Sweetwater High School CrossFit and the Legal Battle Over Their Rig
Jenny Schafran started CrossFit in 2013, and after getting her Level 1 certification, she knew she wanted to bring her experience and knowledge to young people.
A teacher in the Sweetwater Union High School District in the San Diego, CA, area, Schafran began talks with the administration in 2021 to bring a CrossFit program to Sweetwater High School.
Her goal was to make fitness accessible to a population where one in three kids was overweight and more than 80% of students received subsidized lunches. After tons of meetings, emails, and paperwork, Schafran’s affiliate, United CrossFit, was ready to go–she even managed to get through all the paperwork to set it up as a non-profit in March 2022.
Schrafran was ecstatic to get the ball rolling in 2021 the day the rig–which she purchased from another local CrossFit gym–was delivered.
- “I talked to the principal and the assistant principal in charge of facilities and let them know the rig was here and asked them if we should start to set it up. I was told to have the custodial staff help us, and we put it together in about five hours.”
Sweetwater is a year-round school, and the CrossFit space was set up in the weight room, which was used for all PE classes plus the sports teams. This was the main impetus behind being able to buy the rig.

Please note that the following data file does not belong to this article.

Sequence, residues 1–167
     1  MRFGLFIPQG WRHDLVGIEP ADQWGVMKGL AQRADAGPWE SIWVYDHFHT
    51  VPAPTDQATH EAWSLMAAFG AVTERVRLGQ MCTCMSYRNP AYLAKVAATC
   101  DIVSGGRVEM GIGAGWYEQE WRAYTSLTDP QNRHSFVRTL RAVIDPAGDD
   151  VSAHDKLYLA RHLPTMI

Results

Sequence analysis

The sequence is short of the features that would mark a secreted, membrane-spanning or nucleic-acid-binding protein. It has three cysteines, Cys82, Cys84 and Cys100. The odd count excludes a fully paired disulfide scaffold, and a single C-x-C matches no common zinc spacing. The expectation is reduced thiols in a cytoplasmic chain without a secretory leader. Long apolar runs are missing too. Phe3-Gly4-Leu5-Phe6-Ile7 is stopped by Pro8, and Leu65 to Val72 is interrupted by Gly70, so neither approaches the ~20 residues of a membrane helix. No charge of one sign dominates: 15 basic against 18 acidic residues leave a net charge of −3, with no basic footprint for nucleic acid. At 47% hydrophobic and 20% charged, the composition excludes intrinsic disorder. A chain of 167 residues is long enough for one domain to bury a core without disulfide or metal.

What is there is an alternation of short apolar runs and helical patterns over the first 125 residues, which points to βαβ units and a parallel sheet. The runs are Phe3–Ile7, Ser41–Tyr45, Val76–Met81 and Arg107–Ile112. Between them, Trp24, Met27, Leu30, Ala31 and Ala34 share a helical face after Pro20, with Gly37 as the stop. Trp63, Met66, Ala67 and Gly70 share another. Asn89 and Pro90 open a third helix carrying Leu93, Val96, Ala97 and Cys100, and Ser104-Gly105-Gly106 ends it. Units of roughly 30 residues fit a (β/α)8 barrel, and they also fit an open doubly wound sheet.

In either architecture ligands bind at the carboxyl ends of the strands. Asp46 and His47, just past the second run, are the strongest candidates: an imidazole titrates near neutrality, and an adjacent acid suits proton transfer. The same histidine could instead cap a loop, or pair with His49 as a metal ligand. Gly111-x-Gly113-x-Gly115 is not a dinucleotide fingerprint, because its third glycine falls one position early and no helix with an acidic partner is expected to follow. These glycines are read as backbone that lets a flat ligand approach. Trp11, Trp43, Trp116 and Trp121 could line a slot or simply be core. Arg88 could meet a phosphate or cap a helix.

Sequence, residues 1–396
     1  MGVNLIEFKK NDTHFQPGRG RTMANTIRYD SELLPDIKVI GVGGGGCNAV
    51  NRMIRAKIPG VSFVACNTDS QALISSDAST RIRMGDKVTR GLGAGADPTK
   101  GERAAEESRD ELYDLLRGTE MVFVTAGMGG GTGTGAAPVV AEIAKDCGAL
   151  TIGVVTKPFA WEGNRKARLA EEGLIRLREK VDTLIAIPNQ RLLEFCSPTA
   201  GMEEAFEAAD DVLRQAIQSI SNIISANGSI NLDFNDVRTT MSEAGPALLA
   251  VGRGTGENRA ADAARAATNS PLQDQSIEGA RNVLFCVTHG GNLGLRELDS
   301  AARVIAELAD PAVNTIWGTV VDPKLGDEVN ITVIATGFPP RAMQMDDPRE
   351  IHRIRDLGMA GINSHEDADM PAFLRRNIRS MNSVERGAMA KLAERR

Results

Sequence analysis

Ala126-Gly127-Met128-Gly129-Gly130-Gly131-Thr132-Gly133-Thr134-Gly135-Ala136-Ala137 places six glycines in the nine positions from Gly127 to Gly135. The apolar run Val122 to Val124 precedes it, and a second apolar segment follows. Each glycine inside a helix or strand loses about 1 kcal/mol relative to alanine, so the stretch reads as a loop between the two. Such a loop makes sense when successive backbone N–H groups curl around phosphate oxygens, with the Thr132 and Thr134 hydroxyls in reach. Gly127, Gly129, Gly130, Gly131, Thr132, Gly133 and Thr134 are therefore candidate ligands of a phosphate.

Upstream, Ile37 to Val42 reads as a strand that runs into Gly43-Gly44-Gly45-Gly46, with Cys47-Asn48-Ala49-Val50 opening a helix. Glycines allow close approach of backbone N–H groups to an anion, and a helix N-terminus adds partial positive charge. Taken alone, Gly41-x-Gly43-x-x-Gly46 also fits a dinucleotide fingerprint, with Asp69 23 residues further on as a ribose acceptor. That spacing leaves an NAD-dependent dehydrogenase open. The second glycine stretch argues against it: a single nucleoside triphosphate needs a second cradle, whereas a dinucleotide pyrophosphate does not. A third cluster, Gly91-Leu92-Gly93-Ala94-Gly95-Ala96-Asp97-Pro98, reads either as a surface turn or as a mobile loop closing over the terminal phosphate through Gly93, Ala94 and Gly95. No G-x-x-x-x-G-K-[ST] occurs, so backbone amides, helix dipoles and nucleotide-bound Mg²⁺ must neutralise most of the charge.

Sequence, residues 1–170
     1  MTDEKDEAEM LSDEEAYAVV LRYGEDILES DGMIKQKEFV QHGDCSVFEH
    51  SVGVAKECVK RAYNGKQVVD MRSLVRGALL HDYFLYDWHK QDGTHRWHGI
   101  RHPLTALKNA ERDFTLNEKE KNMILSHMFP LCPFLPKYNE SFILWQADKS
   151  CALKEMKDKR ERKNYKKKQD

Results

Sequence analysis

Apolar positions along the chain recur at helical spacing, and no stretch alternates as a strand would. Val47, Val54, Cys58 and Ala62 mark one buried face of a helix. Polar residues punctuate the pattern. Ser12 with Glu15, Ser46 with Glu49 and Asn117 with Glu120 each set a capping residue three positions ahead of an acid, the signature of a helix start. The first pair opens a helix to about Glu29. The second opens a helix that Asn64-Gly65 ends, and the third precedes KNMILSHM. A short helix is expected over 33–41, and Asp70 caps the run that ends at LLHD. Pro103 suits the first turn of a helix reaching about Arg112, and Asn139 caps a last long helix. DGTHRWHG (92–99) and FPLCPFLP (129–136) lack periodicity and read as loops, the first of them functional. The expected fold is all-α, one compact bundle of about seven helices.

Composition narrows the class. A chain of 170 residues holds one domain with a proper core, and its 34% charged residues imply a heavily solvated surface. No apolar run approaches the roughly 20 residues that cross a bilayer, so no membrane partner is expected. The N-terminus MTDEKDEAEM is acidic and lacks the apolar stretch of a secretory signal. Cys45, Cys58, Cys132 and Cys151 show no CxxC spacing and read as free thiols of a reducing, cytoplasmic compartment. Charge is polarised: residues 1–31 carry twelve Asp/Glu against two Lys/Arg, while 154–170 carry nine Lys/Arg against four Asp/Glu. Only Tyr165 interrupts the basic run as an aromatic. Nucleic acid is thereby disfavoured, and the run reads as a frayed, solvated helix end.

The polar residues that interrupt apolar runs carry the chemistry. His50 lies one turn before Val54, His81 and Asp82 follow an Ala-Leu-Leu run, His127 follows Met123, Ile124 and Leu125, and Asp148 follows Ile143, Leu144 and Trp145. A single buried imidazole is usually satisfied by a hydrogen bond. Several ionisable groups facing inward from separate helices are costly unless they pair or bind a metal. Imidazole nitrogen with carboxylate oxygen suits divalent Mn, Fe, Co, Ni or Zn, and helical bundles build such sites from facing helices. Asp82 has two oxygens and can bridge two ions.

- “We were able to use the after-school grants for the facility because the rig would be accessible to everyone. Half of it was paid for with that grant, and the other half was paid for with our Title One ASB funds. The reason we did it that way was because if after-school grants paid for the whole thing, then only after-school activities would have been able to utilize it.”
- “We got it because this was going to be such a big addition to our weight room. The principal wanted to make sure every student could utilize it.”
Schafran and the school had been using the rig for approximately a month when, all of a sudden, someone from the district office contacted her, informing her that they hadn’t filed the correct paperwork to have a rig set up in the gym. They had to caution tape the rig off until an engineer from the district could come out and check the rig to make sure it was structurally sound.
Schafran was confused.
She knew this error didn’t fall on her, but she also knew she had an incredibly adept administration team that had been working with her on this project. She found it hard to believe that they would have missed this.
Either way, Schafran agreed to the ask.
- “I didn’t think it would take that long,” she said.
- “I thought it was going to be a week or two-week process to get somebody out there. But months went by, and I was asking the administration what was happening. They were unsure and didn’t have a timeline.”
Things went from bad to worse when, at the same time, Schafran’s school district told her she could not call her program CrossFit.
She replied defiantly.
- “I absolutely can. Here’s the paperwork. Let me show you. They told me no; it’s a trademarked name; you’re not allowed to call it that word.”